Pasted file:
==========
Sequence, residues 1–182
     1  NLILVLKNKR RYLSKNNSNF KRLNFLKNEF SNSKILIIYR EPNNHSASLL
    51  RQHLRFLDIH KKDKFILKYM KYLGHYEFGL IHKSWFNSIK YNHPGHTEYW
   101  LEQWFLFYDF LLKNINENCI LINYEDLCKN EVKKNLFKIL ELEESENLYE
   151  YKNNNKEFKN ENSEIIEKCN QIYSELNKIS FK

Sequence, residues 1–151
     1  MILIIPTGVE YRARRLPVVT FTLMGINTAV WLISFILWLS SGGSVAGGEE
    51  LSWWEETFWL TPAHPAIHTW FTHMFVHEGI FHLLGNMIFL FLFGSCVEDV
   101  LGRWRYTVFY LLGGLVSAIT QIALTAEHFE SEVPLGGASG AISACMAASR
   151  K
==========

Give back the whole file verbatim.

Sequence, residues 1–182
     1  NLILVLKNKR RYLSKNNSNF KRLNFLKNEF SNSKILIIYR EPNNHSASLL
    51  RQHLRFLDIH KKDKFILKYM KYLGHYEFGL IHKSWFNSIK YNHPGHTEYW
   101  LEQWFLFYDF LLKNINENCI LINYEDLCKN EVKKNLFKIL ELEESENLYE
   151  YKNNNKEFKN ENSEIIEKCN QIYSELNKIS FK

Sequence, residues 1–151
     1  MILIIPTGVE YRARRLPVVT FTLMGINTAV WLISFILWLS SGGSVAGGEE
    51  LSWWEETFWL TPAHPAIHTW FTHMFVHEGI FHLLGNMIFL FLFGSCVEDV
   101  LGRWRYTVFY LLGGLVSAIT QIALTAEHFE SEVPLGGASG AISACMAASR
   151  K